Advantages of Selling Your Oil and Gas Mineral Rights and Royalties
It is rightly assumed that having oil and gas mineral rights is a stroke of exceptional luck. It can be. If oil or gas is found on a person's property -- or someone inherits mineral rights, -- the capital potentially gained can be lucrative. However, owning oil and gas mineral rights are not always as promising as a person might expect.
In fact, mineral rights can be expensive.
Primary Factor Limiting Royalties Potential: Lack of Control
Lack of control is the principal reason mineral rights and royalties can be a financial burden as opposed to generating money.
As most people do not have the money required to finance their own drilling --nor their own delivery system -- the majority of those who own mineral rights royalties are at the prerogative of oil and gas companies.
To begin with, just because an oil company leases a property does not necessarily mean the company is obligated to drill. If a company decides drilling and transporting the oil or gas beneath the surface of a property it has leased, the company can simply sit on the property and wait until the market value of oil or gas reaches a level that will promise a return on investment.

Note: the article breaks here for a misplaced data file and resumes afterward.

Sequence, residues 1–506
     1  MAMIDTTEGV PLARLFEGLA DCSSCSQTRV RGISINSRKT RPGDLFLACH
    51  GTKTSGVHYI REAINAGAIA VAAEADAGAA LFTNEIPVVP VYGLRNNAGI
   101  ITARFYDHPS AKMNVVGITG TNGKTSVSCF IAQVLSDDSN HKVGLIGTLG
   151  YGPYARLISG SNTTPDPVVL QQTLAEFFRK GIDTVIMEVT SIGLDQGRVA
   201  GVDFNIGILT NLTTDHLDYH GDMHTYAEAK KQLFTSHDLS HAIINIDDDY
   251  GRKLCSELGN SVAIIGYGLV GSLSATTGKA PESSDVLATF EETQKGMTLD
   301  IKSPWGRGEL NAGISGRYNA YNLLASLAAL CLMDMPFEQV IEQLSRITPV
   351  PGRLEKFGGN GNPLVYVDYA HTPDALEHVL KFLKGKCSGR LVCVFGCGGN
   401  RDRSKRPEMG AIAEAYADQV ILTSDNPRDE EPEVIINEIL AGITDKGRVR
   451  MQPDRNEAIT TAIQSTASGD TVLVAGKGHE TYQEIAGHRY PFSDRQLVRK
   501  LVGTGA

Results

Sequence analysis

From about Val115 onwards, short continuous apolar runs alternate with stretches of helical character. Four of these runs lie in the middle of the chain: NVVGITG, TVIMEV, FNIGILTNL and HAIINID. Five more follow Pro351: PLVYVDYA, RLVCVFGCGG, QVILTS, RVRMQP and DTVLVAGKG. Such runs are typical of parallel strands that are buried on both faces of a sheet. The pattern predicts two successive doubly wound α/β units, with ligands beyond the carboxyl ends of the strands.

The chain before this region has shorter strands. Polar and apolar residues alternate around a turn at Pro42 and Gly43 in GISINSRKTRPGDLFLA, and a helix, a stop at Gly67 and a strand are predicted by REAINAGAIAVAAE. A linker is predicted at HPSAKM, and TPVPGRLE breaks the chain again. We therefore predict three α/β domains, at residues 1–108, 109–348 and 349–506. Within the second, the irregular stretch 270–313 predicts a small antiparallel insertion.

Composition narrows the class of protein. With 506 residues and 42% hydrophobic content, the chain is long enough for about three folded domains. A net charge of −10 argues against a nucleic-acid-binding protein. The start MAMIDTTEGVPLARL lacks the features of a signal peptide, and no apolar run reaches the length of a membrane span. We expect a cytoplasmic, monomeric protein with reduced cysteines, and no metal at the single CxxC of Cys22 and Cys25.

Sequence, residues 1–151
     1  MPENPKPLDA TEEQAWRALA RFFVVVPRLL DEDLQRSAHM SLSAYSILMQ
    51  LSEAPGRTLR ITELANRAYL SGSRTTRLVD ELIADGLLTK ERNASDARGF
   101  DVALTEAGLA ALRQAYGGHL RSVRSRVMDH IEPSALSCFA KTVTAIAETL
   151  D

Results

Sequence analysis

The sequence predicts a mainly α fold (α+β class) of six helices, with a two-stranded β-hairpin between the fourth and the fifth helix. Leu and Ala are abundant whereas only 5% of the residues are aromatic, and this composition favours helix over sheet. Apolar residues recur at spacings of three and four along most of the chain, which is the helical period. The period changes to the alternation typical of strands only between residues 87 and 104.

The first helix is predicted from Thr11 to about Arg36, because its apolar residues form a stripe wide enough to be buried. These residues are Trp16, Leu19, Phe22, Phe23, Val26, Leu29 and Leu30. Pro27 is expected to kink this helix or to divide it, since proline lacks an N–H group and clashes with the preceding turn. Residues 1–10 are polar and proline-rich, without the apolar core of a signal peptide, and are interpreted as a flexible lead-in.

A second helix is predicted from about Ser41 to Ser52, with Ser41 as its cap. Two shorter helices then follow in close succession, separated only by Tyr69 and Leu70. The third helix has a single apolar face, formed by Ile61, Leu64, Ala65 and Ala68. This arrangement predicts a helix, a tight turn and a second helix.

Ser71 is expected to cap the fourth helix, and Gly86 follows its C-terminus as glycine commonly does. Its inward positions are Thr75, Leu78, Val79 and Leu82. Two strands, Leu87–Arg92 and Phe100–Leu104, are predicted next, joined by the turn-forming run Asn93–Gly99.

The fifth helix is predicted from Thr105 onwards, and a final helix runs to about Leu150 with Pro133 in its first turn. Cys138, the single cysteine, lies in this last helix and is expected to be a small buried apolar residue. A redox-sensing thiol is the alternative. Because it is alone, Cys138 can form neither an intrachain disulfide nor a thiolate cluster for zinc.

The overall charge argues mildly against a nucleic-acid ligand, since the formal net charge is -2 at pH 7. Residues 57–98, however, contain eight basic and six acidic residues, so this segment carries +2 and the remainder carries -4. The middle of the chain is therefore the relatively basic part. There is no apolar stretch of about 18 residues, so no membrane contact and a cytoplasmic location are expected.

That means the owner of the mineral rights will receive no royalties.
In many cases, selling mineral rights have distinct advantages over maintaining ownership.
Taxation can be Steep
People receiving oil or gas royalties income must pay federal income tax on the royalty revenues they earn each year, a state severance tax on those earnings, as well as a county ad valorem tax.
While the amount of each tax varies from state to state and county to county, royalties income is not always what a person might expect.
And, even if a property isn't producing oil or gas, property tax payments to the federal, state and county governments are still required.
A person's lack of control and the taxes the person is obligated to pay, means there are distinct advantages to selling one's mineral rights.
Single Lump Sum
The riskiest component of mineral rights is that there is no guarantee of future royalties. If oil or gas prices drop, the oil or gas company may pull the plug on a well and simply allow it to remain dormant.
Additionally, royalties are a percentage of the total profit made from the oil or gas pumped from a well, generally between 12.5 and 25 percent. That means, while there is the potential for long-term income, there is no guarantee.
Furthermore, there is no large payout at the end. Selling mineral rights means a single, lump-sum payment.
It is possible to sell mineral rights and pay no taxes. The federal government allows for, under the 10-31 Like Kind Exchanges Code, a person to sell their land and mineral rights and pay no taxes if they purchase a like-kind property.
And, even if a person does not buy a like-kind property, that person no longer has the tax burden associated with the property.
While there are dozens of other benefits to selling mineral rights -- property management time and costs, not only paying federal, state and county taxes, but also paying large sums to file the taxes and lack of income from well-less properties or non-producing wells are all potential financial burdens -- a lump sum of money and lower taxes are the two biggest advantages of selling mineral rights.